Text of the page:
Rice pudding is a favorite of mine -- and most everybody else. I've spent years tinkering with recipes, trying to produce one that could compete with the rice pudding my dad used to bring home from the local deli. I've tried different techniques and combinations of ingredients. Early on, I jettisoned the over-the-top richness of heavy cream, but I wanted to retain a creaminess and thick consistency. I needed the right rice.
The answer turned out to be a fusion of Japanese, Italian and French cooking traditions. Once I hit upon using short-grain sushi rice, I had the recipe. I cook the rice in milk sweetened with sugar and flavored with a vanilla bean, stirring as I would when making risotto. At the end, I thicken the pudding using an old French method: an egg yolk tempered with hot milk. The result is not only light but better-tasting than I'd hoped.
These days, I like to eat the pudding alongside a generous bit of berry sauce. Frozen berries, in any combination you like, are easily transformed into a fruity, tart complement. I’m partial to blueberries, but almost any combination of berries works.
Make Ahead: Leftover berry sauce can be refrigerated for up to 5 days. Try it on French toast, oatmeal or yogurt.
Servings: 5 - 7
Yield: Makes 3 cups pudding; about 2 1/3 cups sauce
- For the pudding
- 1/3 cup sugar
- 4-inch length of vanilla bean, split in half lengthwise (may substitute 1 1/2 teaspoons vanilla extract, added after the pudding is removed from the heat)
- 1/2 cup uncooked sushi-style short-grain rice
- 3 1/4 cups low-fat milk, preferably 2-percent
- 1 large egg yolk
- For the sauce
- 1 pound frozen berries, any combination of strawberries, blueberries, raspberries and/or blackberries
- 1/3 cup sugar
- 1/3 cup water
- 3 tablespoons fresh lemon juice (from 1 large lemon)
- 1 tablespoon cornstarch
- 1/2 teaspoon almond extract
For the pudding: Place the sugar in a large pot, along with the scrapings from the inside of the vanilla bean. Use your fingers to work the scrapings into the sugar so no lumps of vanilla remain. Add the scraped bean halves, rice and 3 cups of the milk.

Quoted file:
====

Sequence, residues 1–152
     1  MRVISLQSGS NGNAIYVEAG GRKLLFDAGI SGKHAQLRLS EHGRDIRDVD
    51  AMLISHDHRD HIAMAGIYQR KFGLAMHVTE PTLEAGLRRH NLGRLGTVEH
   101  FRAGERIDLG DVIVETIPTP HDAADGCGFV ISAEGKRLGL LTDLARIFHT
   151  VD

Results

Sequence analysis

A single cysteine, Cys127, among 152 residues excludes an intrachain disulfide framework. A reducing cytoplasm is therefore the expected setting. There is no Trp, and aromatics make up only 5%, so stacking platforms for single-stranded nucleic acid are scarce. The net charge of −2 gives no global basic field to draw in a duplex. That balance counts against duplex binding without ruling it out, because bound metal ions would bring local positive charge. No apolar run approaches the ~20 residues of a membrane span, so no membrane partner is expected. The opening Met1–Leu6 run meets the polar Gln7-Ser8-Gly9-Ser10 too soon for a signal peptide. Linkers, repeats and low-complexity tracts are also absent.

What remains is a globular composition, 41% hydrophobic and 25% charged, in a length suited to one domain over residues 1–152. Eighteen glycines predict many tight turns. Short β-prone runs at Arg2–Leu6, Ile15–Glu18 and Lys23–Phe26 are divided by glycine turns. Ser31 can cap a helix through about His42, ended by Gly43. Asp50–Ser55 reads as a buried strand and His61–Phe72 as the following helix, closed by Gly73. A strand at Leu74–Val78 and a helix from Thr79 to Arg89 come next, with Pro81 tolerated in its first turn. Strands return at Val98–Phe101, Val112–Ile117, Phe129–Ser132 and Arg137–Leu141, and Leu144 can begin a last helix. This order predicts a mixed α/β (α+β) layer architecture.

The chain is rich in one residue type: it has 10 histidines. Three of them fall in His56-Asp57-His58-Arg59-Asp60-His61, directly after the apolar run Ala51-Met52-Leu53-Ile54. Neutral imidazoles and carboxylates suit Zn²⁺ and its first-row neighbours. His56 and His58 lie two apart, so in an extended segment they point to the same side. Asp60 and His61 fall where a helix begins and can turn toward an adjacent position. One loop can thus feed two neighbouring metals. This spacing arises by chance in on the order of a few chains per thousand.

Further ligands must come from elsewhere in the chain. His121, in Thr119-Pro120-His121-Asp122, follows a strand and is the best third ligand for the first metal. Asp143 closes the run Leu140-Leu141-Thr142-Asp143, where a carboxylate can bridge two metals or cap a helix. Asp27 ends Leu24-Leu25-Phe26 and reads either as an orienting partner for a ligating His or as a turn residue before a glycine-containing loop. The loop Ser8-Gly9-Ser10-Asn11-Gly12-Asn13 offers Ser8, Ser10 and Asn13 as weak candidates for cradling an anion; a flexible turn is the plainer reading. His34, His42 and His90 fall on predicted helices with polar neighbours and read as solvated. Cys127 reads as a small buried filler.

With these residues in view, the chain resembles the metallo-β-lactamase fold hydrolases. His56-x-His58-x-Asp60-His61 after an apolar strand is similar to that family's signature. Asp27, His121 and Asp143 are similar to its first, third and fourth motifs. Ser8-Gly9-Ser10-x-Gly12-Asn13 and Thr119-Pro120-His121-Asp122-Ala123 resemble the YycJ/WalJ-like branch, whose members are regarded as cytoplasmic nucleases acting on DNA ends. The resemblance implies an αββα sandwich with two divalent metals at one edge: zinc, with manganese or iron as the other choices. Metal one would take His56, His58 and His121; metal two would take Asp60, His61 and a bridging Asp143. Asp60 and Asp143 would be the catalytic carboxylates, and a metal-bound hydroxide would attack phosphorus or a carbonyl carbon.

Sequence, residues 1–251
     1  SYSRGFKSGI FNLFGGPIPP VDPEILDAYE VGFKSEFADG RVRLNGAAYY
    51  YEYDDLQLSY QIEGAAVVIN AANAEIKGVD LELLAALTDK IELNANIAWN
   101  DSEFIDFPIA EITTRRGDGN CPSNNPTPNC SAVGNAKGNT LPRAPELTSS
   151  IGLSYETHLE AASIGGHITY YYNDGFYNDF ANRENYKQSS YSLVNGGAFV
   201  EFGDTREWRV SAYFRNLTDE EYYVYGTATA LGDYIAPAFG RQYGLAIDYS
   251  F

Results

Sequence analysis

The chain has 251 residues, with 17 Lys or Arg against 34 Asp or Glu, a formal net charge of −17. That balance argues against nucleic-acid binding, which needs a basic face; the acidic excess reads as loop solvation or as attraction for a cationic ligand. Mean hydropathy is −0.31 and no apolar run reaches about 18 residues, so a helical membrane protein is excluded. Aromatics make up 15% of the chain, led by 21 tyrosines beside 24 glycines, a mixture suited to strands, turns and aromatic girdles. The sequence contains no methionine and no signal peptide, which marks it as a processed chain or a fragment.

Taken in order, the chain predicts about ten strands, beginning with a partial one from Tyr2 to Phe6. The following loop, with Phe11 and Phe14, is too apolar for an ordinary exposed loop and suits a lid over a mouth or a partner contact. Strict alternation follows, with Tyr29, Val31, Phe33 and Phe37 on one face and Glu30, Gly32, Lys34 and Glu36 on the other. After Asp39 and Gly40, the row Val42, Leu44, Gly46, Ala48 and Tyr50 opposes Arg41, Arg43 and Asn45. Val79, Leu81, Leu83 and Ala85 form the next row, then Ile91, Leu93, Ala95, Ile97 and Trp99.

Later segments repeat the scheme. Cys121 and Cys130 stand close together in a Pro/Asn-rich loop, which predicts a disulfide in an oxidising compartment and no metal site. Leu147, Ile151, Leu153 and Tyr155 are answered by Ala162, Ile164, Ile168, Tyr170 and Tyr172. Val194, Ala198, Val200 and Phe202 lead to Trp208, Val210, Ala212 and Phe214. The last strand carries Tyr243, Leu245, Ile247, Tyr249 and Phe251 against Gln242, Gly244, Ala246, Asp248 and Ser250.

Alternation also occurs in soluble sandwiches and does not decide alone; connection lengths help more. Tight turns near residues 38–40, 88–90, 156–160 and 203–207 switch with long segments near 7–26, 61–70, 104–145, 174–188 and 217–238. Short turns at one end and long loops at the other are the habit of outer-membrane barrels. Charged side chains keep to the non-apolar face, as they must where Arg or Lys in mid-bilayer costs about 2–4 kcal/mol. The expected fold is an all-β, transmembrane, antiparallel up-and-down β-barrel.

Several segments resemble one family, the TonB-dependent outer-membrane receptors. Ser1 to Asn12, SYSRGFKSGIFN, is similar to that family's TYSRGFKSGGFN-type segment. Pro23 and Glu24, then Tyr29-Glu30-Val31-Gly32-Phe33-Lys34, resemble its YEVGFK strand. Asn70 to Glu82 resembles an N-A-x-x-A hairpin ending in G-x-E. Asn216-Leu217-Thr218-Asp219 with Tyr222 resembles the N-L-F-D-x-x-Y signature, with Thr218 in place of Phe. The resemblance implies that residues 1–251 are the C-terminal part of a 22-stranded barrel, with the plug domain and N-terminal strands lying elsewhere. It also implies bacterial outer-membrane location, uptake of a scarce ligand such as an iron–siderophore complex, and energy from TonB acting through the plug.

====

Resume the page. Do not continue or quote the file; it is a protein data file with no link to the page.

Place the pot over medium-high heat; cook, stirring every minute or so, for 30 to 40 minutes until the rice is just tender. Adjust the heat as necessary so the milk maintains small bubbles at the edges of the pot but does not boil.
When the rice is ready, heat the remaining 1/4 cup milk until hot but not boiling (about 30 seconds on LOW in the microwave). Whisk the egg yolk in a separate cup; gradually add to the 1/4 cup of hot milk, stirring, then blend that mixture into the rice until well incorporated. Cook, stirring, for 3 minutes, then remove the pot from the heat and discard the vanilla bean halves. Transfer the pudding to a serving dish. Cool and refrigerate until ready to serve.
While the pudding is cooling, make the sauce: Combine the berries, sugar and water in a large pot. Place the pot over medium heat and partially cover. Cook for 10 to 15 minutes, until the berries have defrosted.
Uncover and cook for 10 to 15 minutes, until the berries have softened; the cooking time will vary based on the size and type of berry used. Combine the lemon juice and the cornstarch in a small bowl, making sure the cornstarch dissolves completely. Add to the berries, stirring quickly to incorporate. Bring to a boil; as soon as the sauce thickens, remove it from the heat. Let it cool for 10 minutes.
Stir in the almond extract. Transfer to a serving bowl or storage container. Let it cool, then refrigerate until ready to serve.
Serve the pudding with the sauce, cold or at room temperature.
From columnist Stephanie Witt Sedgwick.
Tested by Stephanie Witt Sedgwick.
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